November 2nd, 2014
Dr Gianluca Sergi, Associate Professor of Film Studies, and Director of the University’s Institute for Screen Industries Research, tells
Rob Ounsworth about his life and work.
Tell me a bit about yourself?
I was born in Milan, Italy, in 1964 but when I was about 7 my family moved back to the south, to Reggio di Calabria. A passion for all things movies started very early on.
At the time there weren’t any film degrees. I did economics and after the first year I completely lost interest. The English connection came about from a group of students from The University of Nottingham on an exchange. One asked if I had ever thought about studying in the UK. She said ‘I have uncle who teaches film’. That uncle, [Alan Lovell, who later co-authored two books with Dr Sergi] became one of my best friends. I came, studied, and got an interest in staying in academia.
Do you have a typical day?
It has changed a lot since I started this project [the Institute for Screen Industries Research]. The film and television industry is global: there is always somebody who is up, somewhere, emailing. It could be something to do with one of the industry partners, or something to do with one of the visits of the industry fellows.
What drew you to this area of research?
I was lucky enough to be at an impressionable age when Dolby Stereo and movies like Star Wars that creatively used the technology came about. I went to see Star Wars with friends – everybody loved it. Afterwards, I simply said: “The film sound was fantastic”. They looked at me like I was from outer space! I didn’t know I would end up writing a PhD. I wrote to Ray Dolby saying I’m writing a PhD on sound and Dolby. Ray and Ioan Allen [a key figure at Dolby Laboratories and now an honorary graduate of the University] introduced me to the top professionals in their field.
What does it involve?
I was one of the few academics talking to film-makers about mutually beneficial research. The Institute establishes collaborations with studios, film-makers and film-making organisations; to do research together, create opportunities for research students. The Institute has interns in Hollywood. The film and television industry is global and this University has a presence in China, Malaysia and campuses here in Nottingham, so we are a possible research gateway to the world. Another area is new technologies and audiences’ response to it. Beyond that, I’ve researched models of development for studios. Academics get an overview. That creates opportunity for scholars and students, creates talent for industry and is beneficial for industry.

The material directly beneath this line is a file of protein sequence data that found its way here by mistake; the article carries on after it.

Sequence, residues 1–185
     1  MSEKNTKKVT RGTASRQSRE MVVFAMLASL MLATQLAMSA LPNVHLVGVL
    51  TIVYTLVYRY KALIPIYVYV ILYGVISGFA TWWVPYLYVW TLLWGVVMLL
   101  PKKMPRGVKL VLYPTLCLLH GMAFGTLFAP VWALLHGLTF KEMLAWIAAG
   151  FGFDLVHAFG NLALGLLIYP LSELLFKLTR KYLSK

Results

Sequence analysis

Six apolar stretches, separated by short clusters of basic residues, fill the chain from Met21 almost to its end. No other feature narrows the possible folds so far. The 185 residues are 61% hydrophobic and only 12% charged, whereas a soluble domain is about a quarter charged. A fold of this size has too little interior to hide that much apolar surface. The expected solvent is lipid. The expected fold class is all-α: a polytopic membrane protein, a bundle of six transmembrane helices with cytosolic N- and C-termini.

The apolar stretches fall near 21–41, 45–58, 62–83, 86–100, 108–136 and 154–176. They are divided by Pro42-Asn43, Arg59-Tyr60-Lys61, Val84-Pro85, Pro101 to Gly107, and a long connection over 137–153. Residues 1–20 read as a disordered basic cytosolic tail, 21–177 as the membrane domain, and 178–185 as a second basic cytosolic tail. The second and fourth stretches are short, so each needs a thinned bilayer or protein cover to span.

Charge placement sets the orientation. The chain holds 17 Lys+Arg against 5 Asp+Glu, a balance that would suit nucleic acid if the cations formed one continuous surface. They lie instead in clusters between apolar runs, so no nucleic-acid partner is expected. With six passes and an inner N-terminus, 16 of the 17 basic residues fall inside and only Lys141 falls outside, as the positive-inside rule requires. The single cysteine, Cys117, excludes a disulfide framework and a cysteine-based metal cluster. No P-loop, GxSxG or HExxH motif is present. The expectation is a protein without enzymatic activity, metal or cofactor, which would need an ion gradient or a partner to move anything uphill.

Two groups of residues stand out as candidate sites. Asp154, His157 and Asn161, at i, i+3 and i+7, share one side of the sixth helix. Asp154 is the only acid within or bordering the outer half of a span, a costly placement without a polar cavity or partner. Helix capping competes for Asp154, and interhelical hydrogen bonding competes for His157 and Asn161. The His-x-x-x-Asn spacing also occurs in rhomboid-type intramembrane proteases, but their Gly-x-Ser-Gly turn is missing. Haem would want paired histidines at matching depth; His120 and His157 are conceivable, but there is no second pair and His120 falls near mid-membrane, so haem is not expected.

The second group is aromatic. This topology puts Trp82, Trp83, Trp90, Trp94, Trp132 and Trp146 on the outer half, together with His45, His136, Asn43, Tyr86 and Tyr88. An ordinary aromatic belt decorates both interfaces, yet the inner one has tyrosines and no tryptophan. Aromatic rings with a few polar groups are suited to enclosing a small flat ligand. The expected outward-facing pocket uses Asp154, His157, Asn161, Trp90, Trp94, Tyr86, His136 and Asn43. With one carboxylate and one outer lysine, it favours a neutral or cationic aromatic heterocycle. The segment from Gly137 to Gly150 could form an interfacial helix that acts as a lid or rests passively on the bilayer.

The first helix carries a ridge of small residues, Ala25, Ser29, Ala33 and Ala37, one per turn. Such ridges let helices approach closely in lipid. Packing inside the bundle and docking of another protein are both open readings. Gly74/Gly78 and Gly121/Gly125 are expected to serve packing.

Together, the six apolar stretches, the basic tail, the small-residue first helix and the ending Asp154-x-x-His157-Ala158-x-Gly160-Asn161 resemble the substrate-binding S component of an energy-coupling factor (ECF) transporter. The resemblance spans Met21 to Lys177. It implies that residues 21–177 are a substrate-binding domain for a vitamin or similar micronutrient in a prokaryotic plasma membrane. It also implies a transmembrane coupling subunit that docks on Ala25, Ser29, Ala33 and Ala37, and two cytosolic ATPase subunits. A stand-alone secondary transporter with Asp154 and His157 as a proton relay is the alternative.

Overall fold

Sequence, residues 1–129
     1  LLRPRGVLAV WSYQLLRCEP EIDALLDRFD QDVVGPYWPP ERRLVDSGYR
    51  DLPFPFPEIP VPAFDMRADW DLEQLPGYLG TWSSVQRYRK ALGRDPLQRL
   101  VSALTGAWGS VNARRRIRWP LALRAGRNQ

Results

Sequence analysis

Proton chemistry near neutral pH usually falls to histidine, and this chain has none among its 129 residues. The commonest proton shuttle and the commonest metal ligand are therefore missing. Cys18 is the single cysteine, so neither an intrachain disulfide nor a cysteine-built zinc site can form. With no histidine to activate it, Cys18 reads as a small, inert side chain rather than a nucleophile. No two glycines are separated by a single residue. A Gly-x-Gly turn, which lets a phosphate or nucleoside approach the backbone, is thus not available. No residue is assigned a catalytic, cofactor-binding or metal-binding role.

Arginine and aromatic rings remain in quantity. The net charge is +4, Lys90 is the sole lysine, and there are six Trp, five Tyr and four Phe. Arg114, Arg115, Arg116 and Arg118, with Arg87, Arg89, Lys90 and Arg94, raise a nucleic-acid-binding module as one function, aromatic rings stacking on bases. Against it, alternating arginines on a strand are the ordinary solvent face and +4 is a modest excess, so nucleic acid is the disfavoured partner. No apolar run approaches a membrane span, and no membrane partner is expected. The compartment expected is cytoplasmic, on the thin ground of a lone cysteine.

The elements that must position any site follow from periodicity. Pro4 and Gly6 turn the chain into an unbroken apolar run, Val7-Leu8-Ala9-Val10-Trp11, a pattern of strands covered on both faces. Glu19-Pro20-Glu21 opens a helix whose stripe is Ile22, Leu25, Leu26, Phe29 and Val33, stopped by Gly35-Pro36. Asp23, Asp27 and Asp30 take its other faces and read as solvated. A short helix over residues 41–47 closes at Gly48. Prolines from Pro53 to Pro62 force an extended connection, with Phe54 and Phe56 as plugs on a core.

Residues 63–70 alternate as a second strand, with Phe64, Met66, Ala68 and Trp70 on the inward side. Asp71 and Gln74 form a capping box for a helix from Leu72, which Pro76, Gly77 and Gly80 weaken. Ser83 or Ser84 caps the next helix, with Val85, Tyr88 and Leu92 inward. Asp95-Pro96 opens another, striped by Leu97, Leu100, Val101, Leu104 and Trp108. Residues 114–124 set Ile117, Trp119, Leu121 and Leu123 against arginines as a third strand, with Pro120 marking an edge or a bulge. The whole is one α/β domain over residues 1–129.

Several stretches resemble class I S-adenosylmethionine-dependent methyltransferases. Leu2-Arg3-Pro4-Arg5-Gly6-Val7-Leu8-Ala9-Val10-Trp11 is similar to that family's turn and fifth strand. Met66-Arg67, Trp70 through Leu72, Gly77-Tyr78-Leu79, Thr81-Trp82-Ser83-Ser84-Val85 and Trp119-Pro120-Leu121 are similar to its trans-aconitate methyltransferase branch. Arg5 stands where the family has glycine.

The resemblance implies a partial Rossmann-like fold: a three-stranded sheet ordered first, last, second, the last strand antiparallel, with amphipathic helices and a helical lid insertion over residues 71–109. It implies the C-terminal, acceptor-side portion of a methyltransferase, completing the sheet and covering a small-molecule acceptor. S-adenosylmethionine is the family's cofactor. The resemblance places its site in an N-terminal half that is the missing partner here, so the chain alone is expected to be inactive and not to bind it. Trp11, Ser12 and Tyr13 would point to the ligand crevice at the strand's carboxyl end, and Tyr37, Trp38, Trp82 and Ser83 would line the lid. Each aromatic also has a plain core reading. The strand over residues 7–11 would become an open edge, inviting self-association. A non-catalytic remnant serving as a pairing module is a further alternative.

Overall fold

What do you like most/least about your work?
I don’t like it when I see cynicism. The good thing is to put it in reverse – colleagues, who had very little reason to believe in the project, have tried to make that leap of faith. And I’ve seen a very positive attitude from industry and film-makers. That is humbling but also very energising.
How does your work impact on the man/woman in the street?
Entertainment is a fundamental aspect of our life and experience. The film and television industry play a very important role within that. If my work helps this essential component of human life, I’m more than happy.
What are the highs/lows of your career so far?
It’s difficult to get the balance right between work, life and family. Sure, going to Hollywood sounds glamorous – and it can be – but it also takes me away from my children, Monica and Paolo. But I love working with students, their energy, enthusiasm, sense of fun. They’re inspiring.
What would you hope your research will achieve in your lifetime?
I would be very satisfied if we help better understanding of entertainment and the impact it has but also help the people who make the entertainment. If my work and the work of the Institute can help the UK film industry and television industry to grow that’s also a very good outcome.
What advice would you give to you your younger self?
Don’t waste any time being cynical.
What living person do you most admire and why?
Being a father [to Monica and Paolo] is bloody difficult and I know I’ll never be as good a father as I want to be. When I see truly dedicated fathers I admire them because I know it’s a difficult, difficult job.
Who would you invited to your dream dinner party?
Civil Rights leaders of the 60s. If I were to pick one it would be Malcolm X because there’s a story that tells you what you can do once you decide to become a better human being.
If you weren’t doing this what else would you be doing?
As a child, I wanted to be an astronaut. I liked science but gave it up too early. Or I would work with very young children – I love their energy. I also admire architects – it’s work that brings in so many disciplines, a bit like film-making. But I can’t draw!
Where do you call home?
I have always had trouble with nationalities, national boundaries. Home is of course where my children and my wife are, but home is also where my family are down there in Reggio Calabria.
If you could go back in time where would you go and why?
The 60s: A moment of convergence and a fantastic opportunity and excitement. Space exploration was the most obvious manifestation of that aspiration: to go beyond your boundaries, your limits. Transcending your origins, that’s my guiding principle.
How do you relax?
I listen to music, jazz in particular. I like spending time with my family. I like going to the movies, still! I like all genres, all kinds, all types. I’m a big fan of Hollywood movies but if I was to choose one movie paradoxically it would be a very small movie called Late Spring, made by a Japanese director called Ozu. It’s a film that moves me every single time.
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